President Trump’s abdication of these roles through the misguided America First policy had already deepened Africa’s dalliance with China and other countries that previously had tenuous and superficial relations with the continent.
More worrisome, the storming of the Capitol seemed to signal the weakening of American institutions in ways that may potentially undermine its resolve in reversing the damage to the global order underpinned by American power. Although Africa has had grievances about some aspects of this order, it has benefited from the multiplicity of international institutions and the open and transparent rules that have underpinned this order. In addition, through institutions such as the United Nations, Africa has been one of the major recipients of global public goods such as security and development.
President Trump’s second impeachment a week after the insurrection on the Capitol and a week before President Biden’s inauguration may portend the return to domestic institutional coherence that is necessary to end perceptions of state failure. Similarly, it may lead to foreign policy predictability and certainty that most of the world has been yearning for.
But is this going to make a difference to the substance of US-Africa policy?
Depth of knowledge
The most optimistic scenario for Africa in the new administration stems from the wealth of knowledge that the Biden administration is able to assemble around its Africa policy. Given his previous role as Vice-President under Obama, President Biden has wide experience on core African issues and knows some of its leaders from visits to Africa. His designated ambassador to the UN, Linda Thomas-Greenfield, has vast African experience, having held various ambassadorial positions in African countries.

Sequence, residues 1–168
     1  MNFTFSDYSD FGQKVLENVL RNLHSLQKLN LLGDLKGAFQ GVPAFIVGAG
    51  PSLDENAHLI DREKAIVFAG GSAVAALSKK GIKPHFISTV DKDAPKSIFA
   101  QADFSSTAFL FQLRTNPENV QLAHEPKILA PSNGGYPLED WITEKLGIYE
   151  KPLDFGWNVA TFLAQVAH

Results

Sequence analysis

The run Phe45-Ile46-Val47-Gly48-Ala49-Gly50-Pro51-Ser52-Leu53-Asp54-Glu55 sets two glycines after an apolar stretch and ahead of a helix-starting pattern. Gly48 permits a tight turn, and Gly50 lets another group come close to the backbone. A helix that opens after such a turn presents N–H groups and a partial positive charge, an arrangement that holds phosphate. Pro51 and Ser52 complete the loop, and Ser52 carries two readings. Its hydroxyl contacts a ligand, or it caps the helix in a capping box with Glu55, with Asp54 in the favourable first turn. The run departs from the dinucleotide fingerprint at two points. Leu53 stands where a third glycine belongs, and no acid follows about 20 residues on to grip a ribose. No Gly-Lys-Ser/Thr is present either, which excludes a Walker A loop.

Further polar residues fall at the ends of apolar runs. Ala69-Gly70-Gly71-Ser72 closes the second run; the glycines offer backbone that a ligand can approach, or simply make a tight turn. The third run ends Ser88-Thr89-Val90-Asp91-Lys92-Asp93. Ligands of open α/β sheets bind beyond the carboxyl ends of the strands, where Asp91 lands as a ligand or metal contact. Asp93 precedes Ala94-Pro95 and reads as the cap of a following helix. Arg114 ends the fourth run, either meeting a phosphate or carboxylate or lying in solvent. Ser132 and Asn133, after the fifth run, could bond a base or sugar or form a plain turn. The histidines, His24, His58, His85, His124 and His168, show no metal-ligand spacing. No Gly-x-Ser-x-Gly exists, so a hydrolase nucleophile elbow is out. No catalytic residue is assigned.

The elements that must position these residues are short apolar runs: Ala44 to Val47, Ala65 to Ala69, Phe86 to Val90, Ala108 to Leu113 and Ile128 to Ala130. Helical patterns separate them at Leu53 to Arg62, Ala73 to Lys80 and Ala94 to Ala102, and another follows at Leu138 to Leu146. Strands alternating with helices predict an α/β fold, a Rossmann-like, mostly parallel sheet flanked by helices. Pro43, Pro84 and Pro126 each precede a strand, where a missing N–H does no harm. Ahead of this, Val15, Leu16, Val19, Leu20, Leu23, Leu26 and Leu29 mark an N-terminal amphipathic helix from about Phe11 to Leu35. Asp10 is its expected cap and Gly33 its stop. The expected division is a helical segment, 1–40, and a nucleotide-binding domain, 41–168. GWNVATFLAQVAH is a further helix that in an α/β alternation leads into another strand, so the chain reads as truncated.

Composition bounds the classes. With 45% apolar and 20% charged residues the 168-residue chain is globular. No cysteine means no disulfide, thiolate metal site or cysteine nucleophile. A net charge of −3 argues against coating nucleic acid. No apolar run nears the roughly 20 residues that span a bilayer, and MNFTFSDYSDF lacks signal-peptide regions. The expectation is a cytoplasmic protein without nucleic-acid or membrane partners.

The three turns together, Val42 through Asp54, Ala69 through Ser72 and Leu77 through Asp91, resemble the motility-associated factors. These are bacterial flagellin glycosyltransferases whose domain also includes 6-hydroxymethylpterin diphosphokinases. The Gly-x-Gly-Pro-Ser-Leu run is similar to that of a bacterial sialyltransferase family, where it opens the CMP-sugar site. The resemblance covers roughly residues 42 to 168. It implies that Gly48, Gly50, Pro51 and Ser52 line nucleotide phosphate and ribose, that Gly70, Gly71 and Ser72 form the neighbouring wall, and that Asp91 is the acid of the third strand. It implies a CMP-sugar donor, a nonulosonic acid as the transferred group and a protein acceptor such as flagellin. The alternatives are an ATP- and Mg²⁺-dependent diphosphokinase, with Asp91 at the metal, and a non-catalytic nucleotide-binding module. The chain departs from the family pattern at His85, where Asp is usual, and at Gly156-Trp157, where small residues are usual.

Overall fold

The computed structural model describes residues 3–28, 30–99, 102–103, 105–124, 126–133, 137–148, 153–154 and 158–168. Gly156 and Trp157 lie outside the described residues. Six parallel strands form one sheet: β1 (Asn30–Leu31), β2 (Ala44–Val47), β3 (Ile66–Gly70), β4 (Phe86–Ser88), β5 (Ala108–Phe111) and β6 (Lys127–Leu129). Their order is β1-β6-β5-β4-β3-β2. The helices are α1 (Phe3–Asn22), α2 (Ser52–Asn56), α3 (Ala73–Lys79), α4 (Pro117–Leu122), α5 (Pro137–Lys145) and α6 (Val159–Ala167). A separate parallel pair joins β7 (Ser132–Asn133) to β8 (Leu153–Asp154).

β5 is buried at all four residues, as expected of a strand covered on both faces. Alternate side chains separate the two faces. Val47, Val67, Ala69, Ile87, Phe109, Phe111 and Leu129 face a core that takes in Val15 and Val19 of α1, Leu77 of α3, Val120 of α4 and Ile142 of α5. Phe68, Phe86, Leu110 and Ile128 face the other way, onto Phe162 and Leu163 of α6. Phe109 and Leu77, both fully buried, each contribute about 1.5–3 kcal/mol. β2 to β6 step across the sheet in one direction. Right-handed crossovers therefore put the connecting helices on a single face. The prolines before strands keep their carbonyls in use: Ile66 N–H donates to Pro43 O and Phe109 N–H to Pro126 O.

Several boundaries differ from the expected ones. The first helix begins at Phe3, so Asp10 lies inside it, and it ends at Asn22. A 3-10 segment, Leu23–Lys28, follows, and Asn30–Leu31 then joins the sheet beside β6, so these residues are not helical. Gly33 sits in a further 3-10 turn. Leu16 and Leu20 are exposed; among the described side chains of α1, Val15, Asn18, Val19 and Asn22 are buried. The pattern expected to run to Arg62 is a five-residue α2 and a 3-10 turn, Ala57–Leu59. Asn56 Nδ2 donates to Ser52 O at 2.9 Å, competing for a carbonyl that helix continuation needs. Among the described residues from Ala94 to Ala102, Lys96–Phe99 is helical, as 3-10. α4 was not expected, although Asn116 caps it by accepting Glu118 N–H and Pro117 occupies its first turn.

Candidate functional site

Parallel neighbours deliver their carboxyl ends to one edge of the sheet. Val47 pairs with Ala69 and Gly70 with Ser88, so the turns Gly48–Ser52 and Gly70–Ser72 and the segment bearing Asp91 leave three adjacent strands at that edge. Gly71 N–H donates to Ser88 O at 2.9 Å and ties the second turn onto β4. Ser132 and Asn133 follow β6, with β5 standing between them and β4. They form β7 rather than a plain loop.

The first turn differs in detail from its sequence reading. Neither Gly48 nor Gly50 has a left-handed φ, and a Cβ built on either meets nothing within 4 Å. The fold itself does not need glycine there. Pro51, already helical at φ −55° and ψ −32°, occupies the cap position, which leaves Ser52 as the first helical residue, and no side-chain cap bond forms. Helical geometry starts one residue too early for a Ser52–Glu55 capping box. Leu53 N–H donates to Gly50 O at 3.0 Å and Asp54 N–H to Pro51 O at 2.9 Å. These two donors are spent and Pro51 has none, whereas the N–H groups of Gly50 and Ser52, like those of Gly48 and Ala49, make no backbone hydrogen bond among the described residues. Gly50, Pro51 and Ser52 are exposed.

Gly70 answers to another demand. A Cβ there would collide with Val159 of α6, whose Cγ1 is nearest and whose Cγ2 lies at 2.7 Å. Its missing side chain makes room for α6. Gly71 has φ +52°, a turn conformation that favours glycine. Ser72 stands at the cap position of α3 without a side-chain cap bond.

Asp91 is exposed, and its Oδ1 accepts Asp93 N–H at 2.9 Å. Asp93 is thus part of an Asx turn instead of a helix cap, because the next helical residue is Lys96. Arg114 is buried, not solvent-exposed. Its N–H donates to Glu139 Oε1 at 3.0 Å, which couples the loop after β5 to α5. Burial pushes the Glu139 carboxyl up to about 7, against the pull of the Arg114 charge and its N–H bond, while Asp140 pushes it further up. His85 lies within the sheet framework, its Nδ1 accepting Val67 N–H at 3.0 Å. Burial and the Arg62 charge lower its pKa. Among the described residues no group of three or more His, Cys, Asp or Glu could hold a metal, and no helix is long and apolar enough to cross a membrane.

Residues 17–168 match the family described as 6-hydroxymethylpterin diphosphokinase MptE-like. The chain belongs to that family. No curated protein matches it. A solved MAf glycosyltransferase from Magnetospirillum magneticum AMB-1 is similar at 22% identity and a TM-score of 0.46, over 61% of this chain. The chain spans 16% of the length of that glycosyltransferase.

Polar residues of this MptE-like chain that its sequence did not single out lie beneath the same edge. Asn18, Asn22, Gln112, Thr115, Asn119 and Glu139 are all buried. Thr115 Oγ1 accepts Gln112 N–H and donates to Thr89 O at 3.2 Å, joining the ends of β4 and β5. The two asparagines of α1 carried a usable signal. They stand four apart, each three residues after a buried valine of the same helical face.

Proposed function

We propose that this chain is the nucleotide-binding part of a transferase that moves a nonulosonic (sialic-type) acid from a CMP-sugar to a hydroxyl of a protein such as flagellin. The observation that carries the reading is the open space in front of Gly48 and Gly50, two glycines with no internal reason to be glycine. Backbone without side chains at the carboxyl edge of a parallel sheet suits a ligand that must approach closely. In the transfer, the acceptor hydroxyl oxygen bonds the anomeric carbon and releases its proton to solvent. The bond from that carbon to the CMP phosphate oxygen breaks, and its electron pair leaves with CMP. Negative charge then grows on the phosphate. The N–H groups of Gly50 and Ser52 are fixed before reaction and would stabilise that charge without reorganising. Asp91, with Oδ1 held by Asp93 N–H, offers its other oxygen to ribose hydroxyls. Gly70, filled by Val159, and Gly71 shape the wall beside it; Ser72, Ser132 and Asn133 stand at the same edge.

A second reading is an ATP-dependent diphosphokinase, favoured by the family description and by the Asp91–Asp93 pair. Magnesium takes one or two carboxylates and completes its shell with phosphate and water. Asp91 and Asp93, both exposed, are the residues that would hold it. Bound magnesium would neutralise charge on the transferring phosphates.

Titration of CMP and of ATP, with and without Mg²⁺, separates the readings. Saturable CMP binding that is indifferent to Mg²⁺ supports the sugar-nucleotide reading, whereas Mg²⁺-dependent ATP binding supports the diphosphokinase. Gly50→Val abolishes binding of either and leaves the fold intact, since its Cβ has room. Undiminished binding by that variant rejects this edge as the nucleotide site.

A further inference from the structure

Typically, Democratic administrations tend to have more Africanists than Republican administrations because of the former’s many actors and constituencies that gravitate toward African issues. Further, in just under two decades, Democratic administrations have produced two top leaders of African descent: President Obama and Vice-President Kamala Harris.
Despite the expertise and potentially high level attention to Africa in the Biden administration, the reality is that given the scale of the priorities that will occupy the administration, Africa is not going to feature prominently in US foreign policy. Even before the domestic insurrection that seems likely to consume the energies of the new president in the short term, the United States was confronting the consequences of the Covid-19 health crisis and its economic fallout. In the current context of constrained resources and competing priorities, the most that the new Biden African team can do is to consolidate the gains from previous administrations in the realms of trade, health, culture, and security.
African countries will need to disabuse themselves of the notion there will be an increase in foreign assistance from the Biden administration. More vital, like before, is that Africa benefits more from US engagement with multilateral institutions than the purely bilateral programmes that African leaders tend to highlight. Thus, if the Biden administration re-commits to institutions such as the World Health Organisation and the UN system as a whole, Africa and the rest of the world will be better off than during the Trump administration.